Kamala Harris emerges as top abortion voice, warns of more fallout

Time Of Info By TOI Desk Report   June 27, 2022   Update on : June 27, 2022

Kamala Harris

Vice President Kamala Harris will speak with CNN, on Monday for the first time since the US Supreme Court overruled Roe v. Wade last week.

Many people were offended by Kamala Harris’ tweets advocating for abortion rights after the Supreme Court repealed Roe v Wade. “After the historic 1973 verdict was overturned, the vice president moved to Twitter to remark, I know there are ladies out there who are terrified. To all of you who are feeling alone and afraid, please know that the President and I are fighting for you and your rights. We’re all in this together.”  

Following Brett Kavanaugh’s Supreme Court confirmation process in 2018, then California Sen. Kamala Harris questioned if the judge believed women’s rights to privacy extended to the decision to have an abortion. Kavanaugh did not respond.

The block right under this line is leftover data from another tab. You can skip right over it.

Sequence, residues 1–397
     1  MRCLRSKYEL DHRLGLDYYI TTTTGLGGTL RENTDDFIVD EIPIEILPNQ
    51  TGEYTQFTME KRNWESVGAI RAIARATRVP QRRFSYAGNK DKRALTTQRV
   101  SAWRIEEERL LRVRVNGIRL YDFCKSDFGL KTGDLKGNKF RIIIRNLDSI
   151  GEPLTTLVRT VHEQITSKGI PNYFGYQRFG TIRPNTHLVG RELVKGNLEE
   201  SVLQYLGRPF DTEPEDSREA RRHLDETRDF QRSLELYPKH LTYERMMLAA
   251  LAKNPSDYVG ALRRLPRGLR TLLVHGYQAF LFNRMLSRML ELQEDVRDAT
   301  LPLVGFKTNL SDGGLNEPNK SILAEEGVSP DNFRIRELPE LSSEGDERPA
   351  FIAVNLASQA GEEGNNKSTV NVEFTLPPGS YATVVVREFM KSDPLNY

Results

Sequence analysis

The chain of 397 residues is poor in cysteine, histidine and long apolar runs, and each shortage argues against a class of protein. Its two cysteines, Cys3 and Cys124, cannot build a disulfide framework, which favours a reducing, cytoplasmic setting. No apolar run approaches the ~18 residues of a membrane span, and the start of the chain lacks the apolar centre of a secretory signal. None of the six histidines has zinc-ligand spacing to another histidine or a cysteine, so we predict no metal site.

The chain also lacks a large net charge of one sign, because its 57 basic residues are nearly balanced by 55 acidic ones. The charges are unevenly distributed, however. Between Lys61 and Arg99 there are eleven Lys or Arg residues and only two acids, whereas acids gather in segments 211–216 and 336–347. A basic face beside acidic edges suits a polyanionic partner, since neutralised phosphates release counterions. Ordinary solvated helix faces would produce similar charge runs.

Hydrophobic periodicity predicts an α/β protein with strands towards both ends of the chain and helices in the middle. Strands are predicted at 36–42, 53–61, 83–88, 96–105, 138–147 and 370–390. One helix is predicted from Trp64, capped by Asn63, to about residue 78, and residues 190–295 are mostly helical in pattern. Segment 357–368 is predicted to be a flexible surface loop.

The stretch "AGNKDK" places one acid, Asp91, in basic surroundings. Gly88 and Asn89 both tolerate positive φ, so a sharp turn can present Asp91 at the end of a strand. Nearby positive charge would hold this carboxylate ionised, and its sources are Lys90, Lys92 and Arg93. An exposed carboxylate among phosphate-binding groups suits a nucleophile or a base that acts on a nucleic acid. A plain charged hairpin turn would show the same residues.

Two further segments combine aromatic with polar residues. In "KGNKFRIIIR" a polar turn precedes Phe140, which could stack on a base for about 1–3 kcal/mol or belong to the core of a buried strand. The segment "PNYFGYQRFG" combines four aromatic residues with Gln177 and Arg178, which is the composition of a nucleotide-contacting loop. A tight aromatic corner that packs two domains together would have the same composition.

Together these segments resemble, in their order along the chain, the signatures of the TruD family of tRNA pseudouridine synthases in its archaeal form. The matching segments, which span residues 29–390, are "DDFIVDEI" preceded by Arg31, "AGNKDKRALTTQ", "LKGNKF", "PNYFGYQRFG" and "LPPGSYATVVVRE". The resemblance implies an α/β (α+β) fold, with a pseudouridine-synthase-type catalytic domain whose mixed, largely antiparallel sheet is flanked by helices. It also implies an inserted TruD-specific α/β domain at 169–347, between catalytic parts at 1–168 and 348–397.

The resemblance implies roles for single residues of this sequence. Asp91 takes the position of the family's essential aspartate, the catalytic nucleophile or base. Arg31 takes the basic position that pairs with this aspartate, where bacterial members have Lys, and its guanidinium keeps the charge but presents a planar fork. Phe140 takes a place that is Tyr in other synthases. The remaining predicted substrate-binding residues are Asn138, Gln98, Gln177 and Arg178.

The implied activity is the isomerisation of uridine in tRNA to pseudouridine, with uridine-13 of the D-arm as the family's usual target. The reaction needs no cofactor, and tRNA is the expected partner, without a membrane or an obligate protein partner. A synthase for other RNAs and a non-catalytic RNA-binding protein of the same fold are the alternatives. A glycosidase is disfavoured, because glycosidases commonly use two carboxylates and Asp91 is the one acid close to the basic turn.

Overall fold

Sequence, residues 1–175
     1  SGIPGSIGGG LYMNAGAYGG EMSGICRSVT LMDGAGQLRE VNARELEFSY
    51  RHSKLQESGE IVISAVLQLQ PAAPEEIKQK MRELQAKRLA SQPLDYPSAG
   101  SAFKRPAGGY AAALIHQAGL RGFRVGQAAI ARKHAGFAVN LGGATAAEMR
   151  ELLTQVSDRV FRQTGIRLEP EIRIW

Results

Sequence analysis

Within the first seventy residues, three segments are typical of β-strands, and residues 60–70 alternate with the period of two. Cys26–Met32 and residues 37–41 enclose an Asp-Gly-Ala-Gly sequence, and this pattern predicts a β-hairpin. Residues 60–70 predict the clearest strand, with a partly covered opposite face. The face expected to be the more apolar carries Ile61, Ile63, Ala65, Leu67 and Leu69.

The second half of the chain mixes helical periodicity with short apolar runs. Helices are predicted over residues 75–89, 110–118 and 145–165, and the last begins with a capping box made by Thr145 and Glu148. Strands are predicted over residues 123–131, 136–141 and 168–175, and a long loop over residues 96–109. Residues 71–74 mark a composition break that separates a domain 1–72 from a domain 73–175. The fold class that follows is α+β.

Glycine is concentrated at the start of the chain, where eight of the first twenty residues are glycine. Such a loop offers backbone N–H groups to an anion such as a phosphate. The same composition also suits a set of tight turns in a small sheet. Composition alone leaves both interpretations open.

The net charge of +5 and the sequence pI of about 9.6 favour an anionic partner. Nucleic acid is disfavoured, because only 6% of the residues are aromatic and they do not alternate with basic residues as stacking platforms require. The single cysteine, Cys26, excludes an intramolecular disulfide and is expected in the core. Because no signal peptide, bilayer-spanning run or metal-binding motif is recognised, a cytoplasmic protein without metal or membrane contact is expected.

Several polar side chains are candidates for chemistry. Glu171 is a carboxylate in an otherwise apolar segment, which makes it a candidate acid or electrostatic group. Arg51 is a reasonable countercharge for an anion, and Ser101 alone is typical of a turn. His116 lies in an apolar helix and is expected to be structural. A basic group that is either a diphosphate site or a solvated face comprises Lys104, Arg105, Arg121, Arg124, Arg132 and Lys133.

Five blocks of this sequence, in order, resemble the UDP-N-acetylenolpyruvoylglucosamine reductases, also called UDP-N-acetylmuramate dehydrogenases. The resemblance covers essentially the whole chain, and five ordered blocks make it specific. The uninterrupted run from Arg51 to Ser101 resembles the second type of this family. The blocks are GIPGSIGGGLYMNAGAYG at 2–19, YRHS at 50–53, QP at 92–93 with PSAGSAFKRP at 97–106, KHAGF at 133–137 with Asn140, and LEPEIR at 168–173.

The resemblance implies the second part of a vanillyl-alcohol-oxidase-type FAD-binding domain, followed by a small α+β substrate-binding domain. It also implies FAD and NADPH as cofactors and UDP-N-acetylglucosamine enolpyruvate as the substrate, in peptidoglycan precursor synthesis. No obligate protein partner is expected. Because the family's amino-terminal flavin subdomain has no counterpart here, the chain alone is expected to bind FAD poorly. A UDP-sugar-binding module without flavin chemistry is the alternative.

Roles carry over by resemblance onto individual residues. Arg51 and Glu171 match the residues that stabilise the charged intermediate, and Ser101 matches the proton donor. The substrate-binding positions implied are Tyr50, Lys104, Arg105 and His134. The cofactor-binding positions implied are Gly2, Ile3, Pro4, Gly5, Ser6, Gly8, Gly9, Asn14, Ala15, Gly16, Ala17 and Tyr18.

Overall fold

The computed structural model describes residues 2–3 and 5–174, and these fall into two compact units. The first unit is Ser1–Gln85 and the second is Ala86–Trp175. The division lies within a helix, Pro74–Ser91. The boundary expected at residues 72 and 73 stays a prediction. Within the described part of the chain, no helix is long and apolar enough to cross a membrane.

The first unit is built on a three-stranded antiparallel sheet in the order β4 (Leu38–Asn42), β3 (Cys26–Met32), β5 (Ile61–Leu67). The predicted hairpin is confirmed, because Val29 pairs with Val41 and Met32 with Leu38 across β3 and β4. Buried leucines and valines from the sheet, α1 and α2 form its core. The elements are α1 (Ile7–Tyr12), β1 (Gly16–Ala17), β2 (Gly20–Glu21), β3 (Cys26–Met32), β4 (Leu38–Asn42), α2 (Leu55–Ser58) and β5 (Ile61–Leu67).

With Justice Kavanaugh now a member of the court ruling that voted to overturn Roe v. Wade, and the senator now vice president, Harris is warned that the court’s decision might result in some of the same much further privacy restrictions she cautioned of during those hearing.

Harris has spent recent weeks raising the alarm that overturning Roe might set a precedent for additional limits on everything from contraception and in vitro fertilization to homosexual marriage and the ability to vote.

The conversation also comes while the Biden administration deals with a slew of other serious domestic and international concerns. President Joe Biden is in Europe for the G7 conference, where leaders are debating growing expenses caused in part by Russia’s assault of Ukraine earlier this year.

Both Harris and Joe Biden have presided over a country grieving from a string of terrible shootings in recent months, while also trying to improve gun control legislation. The President signed the first major federal gun safety legislation enacted in decades this week, marking a huge bipartisan victory on one of Washington’s most divisive policy problems.


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